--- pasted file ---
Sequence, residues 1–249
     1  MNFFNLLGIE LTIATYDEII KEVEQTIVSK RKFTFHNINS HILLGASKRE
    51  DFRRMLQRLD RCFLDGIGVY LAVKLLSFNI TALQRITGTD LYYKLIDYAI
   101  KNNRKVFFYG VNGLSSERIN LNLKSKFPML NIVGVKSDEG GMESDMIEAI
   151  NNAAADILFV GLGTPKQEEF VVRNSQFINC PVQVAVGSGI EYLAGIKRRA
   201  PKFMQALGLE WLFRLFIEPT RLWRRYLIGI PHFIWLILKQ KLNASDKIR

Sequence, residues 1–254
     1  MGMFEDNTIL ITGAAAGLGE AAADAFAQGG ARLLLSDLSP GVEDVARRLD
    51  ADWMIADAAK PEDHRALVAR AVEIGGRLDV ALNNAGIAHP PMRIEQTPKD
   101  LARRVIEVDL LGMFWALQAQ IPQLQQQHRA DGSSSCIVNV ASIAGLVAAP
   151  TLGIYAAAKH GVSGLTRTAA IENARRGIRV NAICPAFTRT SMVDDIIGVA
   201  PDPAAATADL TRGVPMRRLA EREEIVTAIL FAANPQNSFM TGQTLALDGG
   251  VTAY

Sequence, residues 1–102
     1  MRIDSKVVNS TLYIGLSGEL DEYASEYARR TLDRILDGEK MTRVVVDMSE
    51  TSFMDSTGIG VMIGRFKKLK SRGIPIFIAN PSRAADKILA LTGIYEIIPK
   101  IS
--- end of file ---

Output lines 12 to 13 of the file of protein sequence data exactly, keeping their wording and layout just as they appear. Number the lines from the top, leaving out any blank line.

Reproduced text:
   201  PDPAAATADL TRGVPMRRLA EREEIVTAIL FAANPQNSFM TGQTLALDGG
   251  VTAY